The focus on lawlessness and moral ambiguity in a loosely structured society is certainly present in both the Western and the zombie apocalypse. In the former, this is implicit: the action occurs in a time period before the West was settled, so our lead characters operate based on their own individual moral codes. In the case of a zombie apocalypse, civilization has crumbled, and everyone has been forcibly reverted to a more primitive society. Both genres emphasize pragmatic rules of survival, although our heroes generally find space to act nobly within the larger context of lawlessness. We commonly see violence and other traditionally immoral acts carried out as a means of protection or for the greater good. In both, there is no authority figure or governmental structure that is going to save our heroes if they get in trouble; their survival is entirely dependent on their own wits or, if they’re lucky, the aid of a trusted sidekick or companion.
There’s also a fairly extensive conflict between domestication and wilderness. There’s a lot to unpack in this classic showdown, but essentially women and cities (especially on the East Coast, in the case of the Western) represent civilization. The closing of the frontier brought homesteads and families to the formerly unsettled wilderness of the Old West, where a gunslinger was free to do as he liked, largely unconstrained by the rules of society. A key example of this is The Man Who Shot Liberty Valance (1962), with the educated East Coast lawyer Ransom Stoddard (James Stewart) contrasted with brusque cowboy Tom Doniphon (John Wayne). Generally speaking, the civilized and therefore “feminized” character must be educated in the brute ways of the West in order to survive.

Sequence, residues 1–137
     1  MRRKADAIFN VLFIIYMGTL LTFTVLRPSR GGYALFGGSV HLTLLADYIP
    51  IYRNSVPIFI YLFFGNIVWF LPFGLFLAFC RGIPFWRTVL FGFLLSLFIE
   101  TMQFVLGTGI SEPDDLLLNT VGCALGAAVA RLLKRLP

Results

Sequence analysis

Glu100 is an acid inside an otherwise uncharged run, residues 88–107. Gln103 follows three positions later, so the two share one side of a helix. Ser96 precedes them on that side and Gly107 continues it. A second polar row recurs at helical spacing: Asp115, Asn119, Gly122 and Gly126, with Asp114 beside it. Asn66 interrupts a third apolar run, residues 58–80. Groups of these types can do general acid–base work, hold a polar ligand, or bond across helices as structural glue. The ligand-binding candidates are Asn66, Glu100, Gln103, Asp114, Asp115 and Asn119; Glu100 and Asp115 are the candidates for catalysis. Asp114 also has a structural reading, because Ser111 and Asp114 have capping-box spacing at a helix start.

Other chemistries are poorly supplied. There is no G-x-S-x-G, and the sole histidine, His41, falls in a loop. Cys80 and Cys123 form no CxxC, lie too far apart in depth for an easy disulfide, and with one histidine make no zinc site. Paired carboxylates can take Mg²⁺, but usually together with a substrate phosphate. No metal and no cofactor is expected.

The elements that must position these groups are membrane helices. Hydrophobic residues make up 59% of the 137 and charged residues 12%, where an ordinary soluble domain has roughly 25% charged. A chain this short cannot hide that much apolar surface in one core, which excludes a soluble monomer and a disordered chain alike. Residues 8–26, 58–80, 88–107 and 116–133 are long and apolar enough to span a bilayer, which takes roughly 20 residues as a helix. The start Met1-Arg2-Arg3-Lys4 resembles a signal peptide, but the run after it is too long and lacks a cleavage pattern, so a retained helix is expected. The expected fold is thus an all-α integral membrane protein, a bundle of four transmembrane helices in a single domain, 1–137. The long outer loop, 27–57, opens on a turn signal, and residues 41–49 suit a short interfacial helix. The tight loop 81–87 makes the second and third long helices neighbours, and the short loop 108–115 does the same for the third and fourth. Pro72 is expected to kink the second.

We see elements of this in the zombie apocalypse film, where characters who are too connected to their lost civilization are unable to adapt to the harsh new reality, usually with deadly results. Zombieland echoes this sort of mentor-student relationship in Tallahassee and Columbus, but it’s the film’s female counterparts, Wichita and Little Rock, who are most vulnerable. Their continued attachment to vestiges of the civilization that has been destroyed (in this case, the Pacific Playland amusement park) results in the party getting boxed in and nearly eaten by zombies. The fact that the women are the ones trying to reconnect with civilization is squarely in line with the Western’s view of femininity as an inherent danger in what essentially mimics a frontier society.
In the Western, the small frontier town serves as the best approximation of civilization they are able to create. It’s a society, sort of, with only the barest of rules governing its existence. Similarly, in zombie apocalypse films, we see many characters gravitate towards relics of civilization, regardless of how empty and hollow they may be. It’s no coincidence, then, that the protagonists in Dawn of the Dead (1978) flock to the mall, the ultimate symbol of the capitalist system that defined Western society. Many other zombie apocalypse films take place in major American and European cities, deserted monuments to a fallen civilization. They, like the sparsely populated frontier towns in the Western, are familiar enough to provide comfort to weary survivors surrounded by threats on all sides, though a poor substitute for the real thing.
Although the Western has waned in popularity, it is one of the most recognizable genres in filmmaking, and its narratives have endured by being blended with other film styles: in this case, horror. In important ways, both thematically and visually, the zombie apocalypse film has assimilated many of the elements that traditionally define the Western, including the anxieties of each genre’s respective audience, substituting different villains and dangerous frontiers to expose nearly identical fears that have grown steadily more violent, inescapable, and nihilistic.
Audrey Fox is an ex-film student, which means that she prefers to spend her days in the dark, watching movies and pondering the director’s use of diegetic sound. She currently works as an entertainment writer, joyfully rambling about all things film and television related.